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Essential thrombocythemia


Essential thrombocythemia (ET) is a disorder of the bone marrow characterized by an overproduction of platelets (thrombocytes).Under normal circumstances, the number of thrombocytes is between 150 thousand and 450 thousand per µl of blood. This value may increase to over one million per µl of blood in ET patients. This overproduction of platelets can lead to an increased risk of blood clots (thrombus) and bleeding (hemorrhage). However, with a successful treatment, most patients with ET have a near normal life expectancy.

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Cause

“Essential” means that there are no recognisable causes behind the increase in thrombocytes. The cause of Essential thrombocythemia is still unknown. A number of studies from Italy have shown that, among other factors, a higher exposure to pesticides may increase the risk of farmers developing ET.It is thanks to a Vienna-based research group (R. Kravolics) that we are able to link mutations in our genes directly to ET. Approximately 40 to 50 percent of ET patients demonstrate a genetic mutation (aberration) in the Janus kinase coding (JAK2), followed by around 40 percent with a change in the formation of the protein calreticulin (CALR). The quantitative recording of these genetic mutations gives the attending physician the possibility to record the success of a course of treatment.

Symptoms

Many patients with essential thrombocythemia (ET) remain symptom-free for a long time. Consequently, ET is diagnosed by chance in the course of a routine check-up in most cases. If symptoms do occur, they take the form of tingling sensations in the hands and feet, dizziness, headaches and/or visual impairments. In cases where the thrombocyte count is particularly high (greater than one million per µl of blood), they may well result in bleeding on the skin or mucus membranes.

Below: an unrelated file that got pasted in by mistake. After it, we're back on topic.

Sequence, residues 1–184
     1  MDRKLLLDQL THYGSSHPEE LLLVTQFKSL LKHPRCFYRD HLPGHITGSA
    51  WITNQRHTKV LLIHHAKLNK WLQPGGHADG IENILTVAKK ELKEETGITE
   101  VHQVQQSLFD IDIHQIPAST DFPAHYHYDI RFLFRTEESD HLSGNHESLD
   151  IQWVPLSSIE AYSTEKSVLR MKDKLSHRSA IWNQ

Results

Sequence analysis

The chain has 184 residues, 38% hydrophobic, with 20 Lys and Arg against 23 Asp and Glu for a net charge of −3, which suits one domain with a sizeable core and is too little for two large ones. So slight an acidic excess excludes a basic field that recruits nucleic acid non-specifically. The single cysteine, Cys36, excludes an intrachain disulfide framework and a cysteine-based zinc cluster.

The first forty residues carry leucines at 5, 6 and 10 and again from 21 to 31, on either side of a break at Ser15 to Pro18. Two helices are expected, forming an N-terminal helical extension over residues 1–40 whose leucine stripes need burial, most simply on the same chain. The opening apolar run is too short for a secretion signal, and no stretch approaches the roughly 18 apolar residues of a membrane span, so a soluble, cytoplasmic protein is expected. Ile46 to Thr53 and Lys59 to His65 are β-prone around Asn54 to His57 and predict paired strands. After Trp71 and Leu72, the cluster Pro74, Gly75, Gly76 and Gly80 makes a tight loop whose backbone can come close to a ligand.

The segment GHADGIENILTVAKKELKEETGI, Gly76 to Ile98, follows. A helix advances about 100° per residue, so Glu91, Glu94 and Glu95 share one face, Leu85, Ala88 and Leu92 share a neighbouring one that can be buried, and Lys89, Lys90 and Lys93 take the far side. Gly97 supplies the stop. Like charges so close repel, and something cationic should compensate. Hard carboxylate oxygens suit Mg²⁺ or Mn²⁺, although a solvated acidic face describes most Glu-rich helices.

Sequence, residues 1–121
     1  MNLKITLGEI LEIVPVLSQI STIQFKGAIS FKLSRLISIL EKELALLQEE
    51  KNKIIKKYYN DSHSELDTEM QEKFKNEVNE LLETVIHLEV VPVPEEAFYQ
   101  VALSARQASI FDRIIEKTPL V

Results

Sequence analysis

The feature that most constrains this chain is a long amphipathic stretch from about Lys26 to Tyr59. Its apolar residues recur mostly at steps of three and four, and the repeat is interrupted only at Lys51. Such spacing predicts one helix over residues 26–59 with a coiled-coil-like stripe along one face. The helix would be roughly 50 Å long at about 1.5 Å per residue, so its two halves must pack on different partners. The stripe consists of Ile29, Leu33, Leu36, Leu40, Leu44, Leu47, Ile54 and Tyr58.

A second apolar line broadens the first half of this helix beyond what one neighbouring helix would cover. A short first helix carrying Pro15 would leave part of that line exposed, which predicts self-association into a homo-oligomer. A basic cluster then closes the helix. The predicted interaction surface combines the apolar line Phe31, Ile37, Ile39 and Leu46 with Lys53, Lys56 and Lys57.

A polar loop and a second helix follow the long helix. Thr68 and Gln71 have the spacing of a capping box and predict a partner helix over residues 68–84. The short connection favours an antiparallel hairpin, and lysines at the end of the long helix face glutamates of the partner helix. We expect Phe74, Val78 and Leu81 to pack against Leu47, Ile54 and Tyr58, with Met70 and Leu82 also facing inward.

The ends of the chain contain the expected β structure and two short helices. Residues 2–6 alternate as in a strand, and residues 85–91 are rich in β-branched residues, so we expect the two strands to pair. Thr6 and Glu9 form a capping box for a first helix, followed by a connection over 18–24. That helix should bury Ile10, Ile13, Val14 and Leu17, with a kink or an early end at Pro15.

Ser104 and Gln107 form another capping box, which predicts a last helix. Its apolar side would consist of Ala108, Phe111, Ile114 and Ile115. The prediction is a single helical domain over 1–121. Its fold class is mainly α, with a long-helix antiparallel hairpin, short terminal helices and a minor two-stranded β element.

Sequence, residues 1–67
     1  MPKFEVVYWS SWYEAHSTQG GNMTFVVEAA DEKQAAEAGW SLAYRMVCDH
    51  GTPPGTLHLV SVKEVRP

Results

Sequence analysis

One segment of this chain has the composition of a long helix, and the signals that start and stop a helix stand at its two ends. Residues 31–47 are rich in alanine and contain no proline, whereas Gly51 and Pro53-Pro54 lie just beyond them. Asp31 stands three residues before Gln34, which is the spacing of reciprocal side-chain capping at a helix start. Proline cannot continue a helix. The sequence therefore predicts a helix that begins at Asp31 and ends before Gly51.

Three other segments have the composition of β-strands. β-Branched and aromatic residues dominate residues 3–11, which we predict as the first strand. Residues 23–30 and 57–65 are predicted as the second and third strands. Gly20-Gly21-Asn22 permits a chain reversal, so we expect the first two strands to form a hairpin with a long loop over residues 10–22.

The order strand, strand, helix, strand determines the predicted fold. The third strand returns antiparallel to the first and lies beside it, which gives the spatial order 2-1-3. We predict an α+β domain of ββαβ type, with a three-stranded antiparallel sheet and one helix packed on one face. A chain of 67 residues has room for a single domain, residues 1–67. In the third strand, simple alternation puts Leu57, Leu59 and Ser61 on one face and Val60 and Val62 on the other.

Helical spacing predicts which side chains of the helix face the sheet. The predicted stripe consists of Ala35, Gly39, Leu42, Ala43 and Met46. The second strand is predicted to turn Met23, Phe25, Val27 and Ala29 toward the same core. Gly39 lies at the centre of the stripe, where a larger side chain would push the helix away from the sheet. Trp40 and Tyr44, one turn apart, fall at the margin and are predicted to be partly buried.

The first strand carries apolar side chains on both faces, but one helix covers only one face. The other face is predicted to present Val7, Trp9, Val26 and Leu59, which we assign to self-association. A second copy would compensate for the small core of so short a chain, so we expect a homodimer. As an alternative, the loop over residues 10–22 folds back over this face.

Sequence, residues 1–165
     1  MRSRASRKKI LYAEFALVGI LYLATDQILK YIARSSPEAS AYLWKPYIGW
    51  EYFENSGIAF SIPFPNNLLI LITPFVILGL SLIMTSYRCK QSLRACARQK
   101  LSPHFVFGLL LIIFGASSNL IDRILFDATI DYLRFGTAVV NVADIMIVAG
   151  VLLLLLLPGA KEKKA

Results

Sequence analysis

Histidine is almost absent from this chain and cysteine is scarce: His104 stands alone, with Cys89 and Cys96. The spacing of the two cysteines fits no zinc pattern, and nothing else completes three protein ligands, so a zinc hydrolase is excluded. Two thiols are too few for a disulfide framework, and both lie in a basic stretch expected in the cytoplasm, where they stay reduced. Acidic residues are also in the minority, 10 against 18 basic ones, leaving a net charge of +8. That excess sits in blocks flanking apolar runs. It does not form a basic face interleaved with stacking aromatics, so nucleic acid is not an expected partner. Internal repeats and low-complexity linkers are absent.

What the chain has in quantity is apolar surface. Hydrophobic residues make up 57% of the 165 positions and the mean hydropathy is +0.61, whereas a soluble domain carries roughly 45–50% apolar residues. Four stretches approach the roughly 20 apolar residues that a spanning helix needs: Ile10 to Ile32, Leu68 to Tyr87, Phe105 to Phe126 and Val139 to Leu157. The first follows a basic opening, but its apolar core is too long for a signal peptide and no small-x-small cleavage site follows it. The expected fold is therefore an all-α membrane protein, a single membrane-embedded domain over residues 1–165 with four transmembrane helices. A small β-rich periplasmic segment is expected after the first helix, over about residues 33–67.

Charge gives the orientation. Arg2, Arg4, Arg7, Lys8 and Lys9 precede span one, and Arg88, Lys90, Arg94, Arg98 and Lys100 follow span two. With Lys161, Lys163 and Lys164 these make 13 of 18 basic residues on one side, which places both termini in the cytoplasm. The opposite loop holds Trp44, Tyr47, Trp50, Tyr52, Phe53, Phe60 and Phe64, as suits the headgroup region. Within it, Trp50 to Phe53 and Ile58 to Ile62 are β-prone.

The role of blood platelets

Blood platelets play an important role in the formation of blood clots. Symptoms of the disease can either be confirmed by a very high platelets count or, in other cases, by means of the functions they are performing. A high number of dysfunctional platelets circulating through the blood stream can lead to bleeding, while a high number of normal platelets increase the risk of blood clots. 

Bleeding and impairment of the microcirculation

Bleeding occurs mostly in the form of nose and gum bleeding, but can also happen in the stomach and intestinal areas as well as through the skin.
When blood clots begin to form in the thinnest vessels, the supply of blood to the affected tissue will become restricted. This occurs in around half of the patients and is noticeable in the fingers and toes through a reddening of the skin, which is accompanied by swelling (erythromelalgia) and a burning and tingling sensation. In the central nervous system, it manifests itself in the guise of functional disturbances such as repetitive sight and speech disorders, dizziness, balance difficulties, paralysis and even seizures.

Possible complications

The most common complications that arise with essential thrombocythemia are blood clots (thrombosis) in the venous or arterial system (infarctions).  They can occur in the large vessels of the upper abdomen (portal vein, hepatic veins, splenic veins, mesenteric veins) as well as in the coronary arteries and in the arteries that serve the brain.
The overall condition of the blood vessels also plays a decisive role in blood coagulation. Hence, the older the person the higher the risk.


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